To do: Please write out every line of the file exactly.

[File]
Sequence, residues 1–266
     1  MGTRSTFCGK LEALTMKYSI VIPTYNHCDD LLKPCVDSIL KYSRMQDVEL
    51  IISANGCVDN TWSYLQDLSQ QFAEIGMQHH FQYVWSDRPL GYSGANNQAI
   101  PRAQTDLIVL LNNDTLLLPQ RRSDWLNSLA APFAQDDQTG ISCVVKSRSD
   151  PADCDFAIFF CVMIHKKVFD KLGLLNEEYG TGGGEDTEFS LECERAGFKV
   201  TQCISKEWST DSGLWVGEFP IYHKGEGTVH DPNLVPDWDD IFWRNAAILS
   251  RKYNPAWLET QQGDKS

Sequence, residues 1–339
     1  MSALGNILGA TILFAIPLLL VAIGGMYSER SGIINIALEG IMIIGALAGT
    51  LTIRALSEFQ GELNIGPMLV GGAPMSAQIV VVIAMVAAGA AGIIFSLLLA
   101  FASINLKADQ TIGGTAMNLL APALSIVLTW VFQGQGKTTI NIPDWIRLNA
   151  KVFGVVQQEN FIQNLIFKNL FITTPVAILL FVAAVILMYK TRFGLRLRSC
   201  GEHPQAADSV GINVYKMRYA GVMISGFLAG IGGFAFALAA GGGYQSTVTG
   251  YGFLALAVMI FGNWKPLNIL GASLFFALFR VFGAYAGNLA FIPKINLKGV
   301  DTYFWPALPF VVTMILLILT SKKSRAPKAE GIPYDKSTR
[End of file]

Sequence, residues 1–266
     1  MGTRSTFCGK LEALTMKYSI VIPTYNHCDD LLKPCVDSIL KYSRMQDVEL
    51  IISANGCVDN TWSYLQDLSQ QFAEIGMQHH FQYVWSDRPL GYSGANNQAI
   101  PRAQTDLIVL LNNDTLLLPQ RRSDWLNSLA APFAQDDQTG ISCVVKSRSD
   151  PADCDFAIFF CVMIHKKVFD KLGLLNEEYG TGGGEDTEFS LECERAGFKV
   201  TQCISKEWST DSGLWVGEFP IYHKGEGTVH DPNLVPDWDD IFWRNAAILS
   251  RKYNPAWLET QQGDKS

Sequence, residues 1–339
     1  MSALGNILGA TILFAIPLLL VAIGGMYSER SGIINIALEG IMIIGALAGT
    51  LTIRALSEFQ GELNIGPMLV GGAPMSAQIV VVIAMVAAGA AGIIFSLLLA
   101  FASINLKADQ TIGGTAMNLL APALSIVLTW VFQGQGKTTI NIPDWIRLNA
   151  KVFGVVQQEN FIQNLIFKNL FITTPVAILL FVAAVILMYK TRFGLRLRSC
   201  GEHPQAADSV GINVYKMRYA GVMISGFLAG IGGFAFALAA GGGYQSTVTG
   251  YGFLALAVMI FGNWKPLNIL GASLFFALFR VFGAYAGNLA FIPKINLKGV
   301  DTYFWPALPF VVTMILLILT SKKSRAPKAE GIPYDKSTR